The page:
Bible Review: Cannondale Trigger 2
Bikes with remote suspension or geometry adjustments do not tend to fare well at Bible. Our testers usually favor single-setting frames that perform in their one-and-only mode over those that require distracting additional controls to adjust for changing terrain.
With the Gemini shock the Trigger 2 tries to be two bikes in one, but does it succeed?
Predictably, at least one pair of eyes was rolled when it came time to test Cannondale's new carbon Trigger and its remote-controlled, dual-mode Gemini system. Gemini offers a plusher setting counterintuitively called 'Flow' and a stiffer, more appropriately named 'Hustle' mode. The rider toggles between the two with the bar-mounted remote, which changes the usable air volume in the shock, effectively reducing the bike's travel by 20 percent when it's time to, well, hustle. And the 27.5-wheeled Trigger does indeed hustle. Testers described the feel of the stiffer setting as an active pedal platform, allowing the rider to lay down power without giving up on traction. Hustle mode works well on doubletrack and smoother singletrack climbs, but the softer, more adherent Flow mode offers a better balance of efficiency and traction on technical ascents. Regardless of mode, the Trigger is a comfortable and capable climber. Its 74.5-degree seat-tube angle, reasonable 1,190-millimeter wheelbase and stubby 420-millimeter chainstays make for quick moves around inconveniently placed roots and rocks.
The only descent you might not want to be in Flow mode for, ironically, would be a flow trail, where one tester appreciated the additional support of the more progressive Hustle mode. The more supple Flow mode is the right setting everywhere else. The Trigger is an intuitive descender, its 66-degree head angle providing ample confidence and stability on steeper, faster trails without feeling unwieldy on slower ones. The frame's short rear end lends itself to playful riding and Scandi flicks into tight corners, and the 145-millimeter rear suspension didn't have any shortcomings; it was reactive, supportive and had ample bottom-out resistance.
Impressed as they were by the Trigger, testers skeptical of remote controls preferred the overall performance of the similarly equipped Norco Sight 27.5. The Sight's suspension performed at least as well on singletrack as the Trigger's, and it felt slightly more capable and plush on the descents without yielding maneuverability. For the rider who will utilize the Gemini system, though, the Trigger is the clear choice. It'll blast up fire roads then morph into a capable, fun descender at the top--and that's nothing to roll your eyes at.
Q&A With Peter Vallance, Cannondale global director of product for mountain, and Jeremiah Boobar, director of suspension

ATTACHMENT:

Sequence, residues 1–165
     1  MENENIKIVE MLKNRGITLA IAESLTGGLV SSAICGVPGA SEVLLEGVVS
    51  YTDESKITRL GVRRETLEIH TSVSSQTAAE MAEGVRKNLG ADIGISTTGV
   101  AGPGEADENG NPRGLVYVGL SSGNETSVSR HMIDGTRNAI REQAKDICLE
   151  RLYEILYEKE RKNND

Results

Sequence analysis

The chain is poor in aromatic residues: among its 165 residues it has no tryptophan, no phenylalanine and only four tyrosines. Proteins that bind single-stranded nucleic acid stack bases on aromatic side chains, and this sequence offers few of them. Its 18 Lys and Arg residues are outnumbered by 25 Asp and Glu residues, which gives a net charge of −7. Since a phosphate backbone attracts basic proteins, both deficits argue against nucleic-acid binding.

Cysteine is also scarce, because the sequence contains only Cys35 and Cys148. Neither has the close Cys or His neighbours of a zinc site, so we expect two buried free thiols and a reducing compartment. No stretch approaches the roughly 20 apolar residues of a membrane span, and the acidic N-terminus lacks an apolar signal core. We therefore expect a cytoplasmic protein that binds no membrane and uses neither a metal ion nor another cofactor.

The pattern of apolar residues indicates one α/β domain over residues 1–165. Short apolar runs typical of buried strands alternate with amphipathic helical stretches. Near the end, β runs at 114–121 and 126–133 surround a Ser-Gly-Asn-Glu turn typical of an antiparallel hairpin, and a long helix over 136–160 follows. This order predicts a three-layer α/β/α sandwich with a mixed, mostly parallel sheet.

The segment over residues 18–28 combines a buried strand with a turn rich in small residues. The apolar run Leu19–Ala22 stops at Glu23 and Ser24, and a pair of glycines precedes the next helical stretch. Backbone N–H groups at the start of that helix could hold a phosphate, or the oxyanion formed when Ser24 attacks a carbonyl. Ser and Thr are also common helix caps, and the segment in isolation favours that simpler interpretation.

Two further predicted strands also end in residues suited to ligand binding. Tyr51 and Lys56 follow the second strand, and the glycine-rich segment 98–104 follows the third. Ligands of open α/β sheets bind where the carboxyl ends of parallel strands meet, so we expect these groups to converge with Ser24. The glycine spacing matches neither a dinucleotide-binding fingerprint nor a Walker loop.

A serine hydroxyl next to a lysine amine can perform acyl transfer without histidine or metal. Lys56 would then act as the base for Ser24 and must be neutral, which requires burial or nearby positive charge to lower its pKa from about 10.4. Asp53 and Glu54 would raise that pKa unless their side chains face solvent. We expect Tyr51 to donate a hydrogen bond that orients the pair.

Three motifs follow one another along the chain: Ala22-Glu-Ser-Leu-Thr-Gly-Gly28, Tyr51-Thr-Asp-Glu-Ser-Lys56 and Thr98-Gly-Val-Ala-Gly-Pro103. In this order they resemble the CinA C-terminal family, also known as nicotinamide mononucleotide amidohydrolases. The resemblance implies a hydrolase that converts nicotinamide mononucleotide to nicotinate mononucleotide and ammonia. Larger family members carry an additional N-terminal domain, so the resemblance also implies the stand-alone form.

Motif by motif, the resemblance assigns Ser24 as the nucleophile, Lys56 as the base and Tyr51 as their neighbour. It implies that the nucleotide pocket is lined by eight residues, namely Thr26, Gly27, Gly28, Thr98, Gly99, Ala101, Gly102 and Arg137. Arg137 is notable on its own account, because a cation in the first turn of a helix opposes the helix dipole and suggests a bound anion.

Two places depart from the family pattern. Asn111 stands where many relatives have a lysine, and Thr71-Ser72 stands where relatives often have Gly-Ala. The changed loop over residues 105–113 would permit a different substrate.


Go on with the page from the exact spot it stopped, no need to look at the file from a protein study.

What rider should buy the Trigger, and what rider should upsize to the Jekyll?
All-day epics are the name of the game for the Trigger 2. Nicole Formosa finds the sweet spot on a flat turn in Marquette, Michigan.
The Jekyll is purpose-built for enduro racers looking for all-out descending performance, while the Trigger is for aggressive trail riders who live for big days in the mountains. Both bikes feature Gemini, our exclusive new dual-mode shock technology and progressive geometry that give riders exceptional traction and efficiency on the way up, and uncompromised, full-throttle performance on the way down.
Why opt for a remote suspension adjust when so many bikes can climb and descend in their one and only setting?
Sure, so many bikes can climb and descend in one setting, but there is no doubt most mid-to-long travel bikes sacrifice responsiveness and efficiency. We want to give riders a more playful and responsive feel in situations like rolling terrain, jumps, berms and of course, climbing. Unlike a platform setting which most shocks use for climbing, we can deliver fully active suspension in Hustle mode, which means much better traction and a smoother ride. If the rider still wants lock out their suspension for pavement or fire road, Gemini has that function too.
Can the Gemini shock be swapped out?
Yes, the Trigger and Jekyll use standard metric shock sizes, allowing the shocks to be swapped with other shocks on the market. Both frame designs were optimized to work best with air springs.
Can you explain rear end's Ai offset, and the reason for it?
Another standard? Cannondale uses a proprietary offset to achieve design goals.
Our Ai offset positions the drivetrain 6-millimeters outboard, twice that of Boost. This gives us a lot more design freedom to achieve super short chainstays, which deliver the Trigger's killer climbing traction and cornering performance. Short chainstays normally mean compromising mud clearance or chainstay construction, but the 6 millimeters enables us to fit the most fun tires along with big mud clearance and still have a light and stiff chainstay. A side benefit is that a more evenly dished wheel is stiffer and stronger.